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Thursday, 17 October 2019
Agent Resource Center

Interested in Real Estate Investing? Try One of These 7 Avenues

Written by Posted On Thursday, 09 November 2017 07:49

A recent study shows that 15% of Americans invest in real estate beyond their own home. The reason appears to be that people think it is too difficult. However, there are many ways to invest that are straightforward and involve little risk. 


If you are considering adding real estate to your portfolio, here are seven avenues to consider:


1. Buy Rental Properties
For an easy way to start real estate investing, you might want to consider buying a rental property. The key to this type of investing is to find the right property. To do this, you need to make sure that your cash flow exceeds your expenses. 

Rental Income – Loss of Income – Repairs – Mortgage Payments – Misc Expenses = Cash Flow • Rental income = Rent per month x 12 • Loss of income = Vacancy and nonpayment = 6% of total annual income • Repairs = 2% of the property value • Mortgage payments = Mortgage + Taxes + Insurance • Miscellaneous Expenses = 0.25% of property value

Always run these numbers when considering a rental property. It's the only way to determine if you are making a good investment choice. I don't typically buy a rental property with a cash flow of under 20% or $20,000. 


2. Flipping
To flip a home, you buy a property at a discount, renovate it so that the value appreciates, and sell it for a profit. The whole process should take two to six months. House flipping can be very lucrative and bring in capital at a faster rate than rentals. Many investors combine rentals and flipping, using their flipping profits to buy long-term rental homes.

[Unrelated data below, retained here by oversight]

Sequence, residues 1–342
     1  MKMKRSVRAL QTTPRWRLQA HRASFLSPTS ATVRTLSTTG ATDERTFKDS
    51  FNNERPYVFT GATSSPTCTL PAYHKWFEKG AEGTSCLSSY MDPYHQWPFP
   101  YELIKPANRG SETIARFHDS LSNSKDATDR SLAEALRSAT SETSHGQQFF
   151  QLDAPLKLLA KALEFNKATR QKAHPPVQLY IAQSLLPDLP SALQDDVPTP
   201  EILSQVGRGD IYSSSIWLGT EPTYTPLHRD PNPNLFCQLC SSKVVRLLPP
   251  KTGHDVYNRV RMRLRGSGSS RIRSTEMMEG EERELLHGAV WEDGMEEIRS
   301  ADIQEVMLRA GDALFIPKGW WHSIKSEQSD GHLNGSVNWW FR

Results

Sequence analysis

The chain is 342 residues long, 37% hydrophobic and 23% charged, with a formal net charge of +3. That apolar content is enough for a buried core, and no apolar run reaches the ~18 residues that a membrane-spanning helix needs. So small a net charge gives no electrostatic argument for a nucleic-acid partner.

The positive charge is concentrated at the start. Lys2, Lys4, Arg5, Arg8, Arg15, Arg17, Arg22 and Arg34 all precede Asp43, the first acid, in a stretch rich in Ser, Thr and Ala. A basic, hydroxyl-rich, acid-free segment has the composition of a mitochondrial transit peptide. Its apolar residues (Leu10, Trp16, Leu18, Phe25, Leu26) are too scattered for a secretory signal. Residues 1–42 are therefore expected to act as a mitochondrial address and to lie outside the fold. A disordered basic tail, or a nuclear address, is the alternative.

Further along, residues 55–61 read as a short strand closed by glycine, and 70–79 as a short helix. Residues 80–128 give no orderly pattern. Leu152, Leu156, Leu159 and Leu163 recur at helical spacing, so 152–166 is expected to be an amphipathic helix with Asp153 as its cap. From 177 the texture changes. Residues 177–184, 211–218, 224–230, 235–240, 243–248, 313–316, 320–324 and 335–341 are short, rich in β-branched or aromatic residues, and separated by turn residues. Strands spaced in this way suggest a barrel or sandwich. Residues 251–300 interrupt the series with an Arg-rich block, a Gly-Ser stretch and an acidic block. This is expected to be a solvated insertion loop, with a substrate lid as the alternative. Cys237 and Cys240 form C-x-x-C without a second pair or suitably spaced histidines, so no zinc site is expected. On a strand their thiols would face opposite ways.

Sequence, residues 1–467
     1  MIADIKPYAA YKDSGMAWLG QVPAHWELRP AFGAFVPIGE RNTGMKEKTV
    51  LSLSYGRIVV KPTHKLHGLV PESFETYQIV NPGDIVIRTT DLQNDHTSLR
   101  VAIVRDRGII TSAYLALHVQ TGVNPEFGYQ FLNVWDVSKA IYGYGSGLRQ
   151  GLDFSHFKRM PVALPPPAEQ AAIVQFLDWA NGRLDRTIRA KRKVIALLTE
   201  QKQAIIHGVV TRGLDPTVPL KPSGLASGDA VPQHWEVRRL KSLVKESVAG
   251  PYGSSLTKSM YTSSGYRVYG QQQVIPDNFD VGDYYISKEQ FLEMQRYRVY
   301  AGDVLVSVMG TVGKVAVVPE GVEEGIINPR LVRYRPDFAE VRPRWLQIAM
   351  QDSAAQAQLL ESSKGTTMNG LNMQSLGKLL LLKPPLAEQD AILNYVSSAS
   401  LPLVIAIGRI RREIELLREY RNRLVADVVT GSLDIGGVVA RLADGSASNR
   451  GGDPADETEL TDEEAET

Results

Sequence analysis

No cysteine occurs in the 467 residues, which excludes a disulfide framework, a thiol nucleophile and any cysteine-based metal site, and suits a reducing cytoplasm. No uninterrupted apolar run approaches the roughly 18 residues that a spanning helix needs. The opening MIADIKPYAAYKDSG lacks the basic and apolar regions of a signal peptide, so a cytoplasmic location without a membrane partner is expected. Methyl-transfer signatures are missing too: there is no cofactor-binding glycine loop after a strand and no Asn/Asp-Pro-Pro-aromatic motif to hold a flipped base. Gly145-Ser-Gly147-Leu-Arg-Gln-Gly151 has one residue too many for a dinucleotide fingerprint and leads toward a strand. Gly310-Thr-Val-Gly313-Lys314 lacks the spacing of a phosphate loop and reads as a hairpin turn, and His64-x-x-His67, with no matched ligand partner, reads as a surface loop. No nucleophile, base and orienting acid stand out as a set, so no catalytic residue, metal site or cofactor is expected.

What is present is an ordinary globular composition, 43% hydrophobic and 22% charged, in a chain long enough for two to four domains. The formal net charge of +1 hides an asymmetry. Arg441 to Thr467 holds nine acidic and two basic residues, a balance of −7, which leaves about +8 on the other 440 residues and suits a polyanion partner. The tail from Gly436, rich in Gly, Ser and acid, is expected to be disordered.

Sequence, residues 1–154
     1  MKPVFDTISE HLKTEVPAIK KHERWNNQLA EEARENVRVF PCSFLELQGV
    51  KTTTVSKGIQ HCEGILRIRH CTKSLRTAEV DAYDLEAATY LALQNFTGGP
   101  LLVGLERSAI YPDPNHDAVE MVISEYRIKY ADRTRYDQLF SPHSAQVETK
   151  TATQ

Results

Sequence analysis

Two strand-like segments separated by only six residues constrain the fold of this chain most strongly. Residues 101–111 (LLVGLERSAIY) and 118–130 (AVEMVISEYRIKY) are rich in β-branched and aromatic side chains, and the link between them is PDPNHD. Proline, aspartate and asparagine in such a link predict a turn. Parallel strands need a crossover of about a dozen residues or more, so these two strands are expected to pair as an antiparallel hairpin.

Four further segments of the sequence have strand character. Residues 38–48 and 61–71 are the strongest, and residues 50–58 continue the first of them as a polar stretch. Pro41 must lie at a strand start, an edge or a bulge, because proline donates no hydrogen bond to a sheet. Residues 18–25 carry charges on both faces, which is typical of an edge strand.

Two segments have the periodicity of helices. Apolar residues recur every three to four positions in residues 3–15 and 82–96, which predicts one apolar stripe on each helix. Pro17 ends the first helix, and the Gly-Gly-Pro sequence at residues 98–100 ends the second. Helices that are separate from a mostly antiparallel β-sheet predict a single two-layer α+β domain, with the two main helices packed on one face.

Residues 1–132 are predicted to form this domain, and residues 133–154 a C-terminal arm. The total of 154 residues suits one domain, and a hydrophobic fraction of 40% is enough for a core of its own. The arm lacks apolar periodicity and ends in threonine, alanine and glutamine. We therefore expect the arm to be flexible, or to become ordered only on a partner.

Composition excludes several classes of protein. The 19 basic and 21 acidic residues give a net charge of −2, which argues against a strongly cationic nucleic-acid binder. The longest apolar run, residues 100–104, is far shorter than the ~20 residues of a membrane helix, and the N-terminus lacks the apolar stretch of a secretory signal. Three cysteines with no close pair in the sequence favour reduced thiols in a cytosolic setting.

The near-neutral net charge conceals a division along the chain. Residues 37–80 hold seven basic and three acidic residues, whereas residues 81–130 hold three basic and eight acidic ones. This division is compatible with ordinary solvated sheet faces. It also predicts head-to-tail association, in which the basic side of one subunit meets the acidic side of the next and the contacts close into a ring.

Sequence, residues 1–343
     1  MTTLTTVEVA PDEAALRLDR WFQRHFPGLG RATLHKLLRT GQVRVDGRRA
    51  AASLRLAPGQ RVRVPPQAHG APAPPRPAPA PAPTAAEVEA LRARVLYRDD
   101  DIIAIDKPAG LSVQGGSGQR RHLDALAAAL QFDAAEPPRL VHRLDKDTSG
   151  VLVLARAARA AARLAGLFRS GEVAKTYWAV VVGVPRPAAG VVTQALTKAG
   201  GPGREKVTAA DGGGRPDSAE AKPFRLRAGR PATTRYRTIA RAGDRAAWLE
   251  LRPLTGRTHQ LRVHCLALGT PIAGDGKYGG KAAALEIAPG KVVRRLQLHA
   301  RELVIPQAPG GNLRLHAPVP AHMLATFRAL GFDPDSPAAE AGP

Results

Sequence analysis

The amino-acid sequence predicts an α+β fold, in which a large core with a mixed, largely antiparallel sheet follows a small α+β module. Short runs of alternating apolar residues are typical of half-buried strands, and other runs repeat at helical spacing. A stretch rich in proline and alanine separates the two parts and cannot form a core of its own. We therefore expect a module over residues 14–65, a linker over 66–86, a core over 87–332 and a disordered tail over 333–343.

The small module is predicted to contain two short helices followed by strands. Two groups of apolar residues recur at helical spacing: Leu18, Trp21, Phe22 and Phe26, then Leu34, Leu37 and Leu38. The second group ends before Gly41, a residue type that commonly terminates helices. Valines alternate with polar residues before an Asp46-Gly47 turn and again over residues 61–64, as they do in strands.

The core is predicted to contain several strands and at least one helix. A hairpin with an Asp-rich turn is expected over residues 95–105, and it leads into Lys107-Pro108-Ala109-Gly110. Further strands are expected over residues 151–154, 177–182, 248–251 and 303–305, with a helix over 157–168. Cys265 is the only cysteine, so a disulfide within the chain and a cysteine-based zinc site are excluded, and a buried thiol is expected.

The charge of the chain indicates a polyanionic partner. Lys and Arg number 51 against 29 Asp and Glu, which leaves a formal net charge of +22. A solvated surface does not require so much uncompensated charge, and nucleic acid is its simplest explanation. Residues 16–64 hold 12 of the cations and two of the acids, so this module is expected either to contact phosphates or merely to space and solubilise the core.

When flipping a home, your expenses will include the contract price, broker fees, lawyer fees, holding costs, points, insurance, taxes, title, and the rehab. It is a good idea to add a 10% overage to all rehab estimates because issues often come along during renovations. Depending on where you live your profit margins may vary. My goal is to make at least 20% net profit.


3. Multifamily Homes
Multifamily properties are similar in many ways to rental properties, except that the property has more than one tenant. Done properly, multifamily home investments can be a good choice for early investors because there will always be people needing a place to rent.
A good way to invest in multifamily homes is to live on site. For instance, buy a duplex and live in one half. The rent for the other half will pay the mortgage, allowing you to live rent-free. When the mortgage is paid off, the cash-flow will be substantial.
 
4. REITS
Real estate investment trusts (REIT) are securities that invest in real estate. They have to pay out 90% of their income to investors as dividends, providing investors with a reliable income. Essentially, you are investing in a share of a real estate portfolio, paying a manager to take care of the buying and selling, and getting a portion in return.
You do not need a lot of capital to invest in a REIT. With as little as $500, you can get started.


5. Wholesaling
Wholesaling, though a form of real estate investing, is significantly different from the methods we've discussed so far. With wholesaling, you will never take ownership of the property. Instead, you'll get a property under contract and then assign the contract to an investor.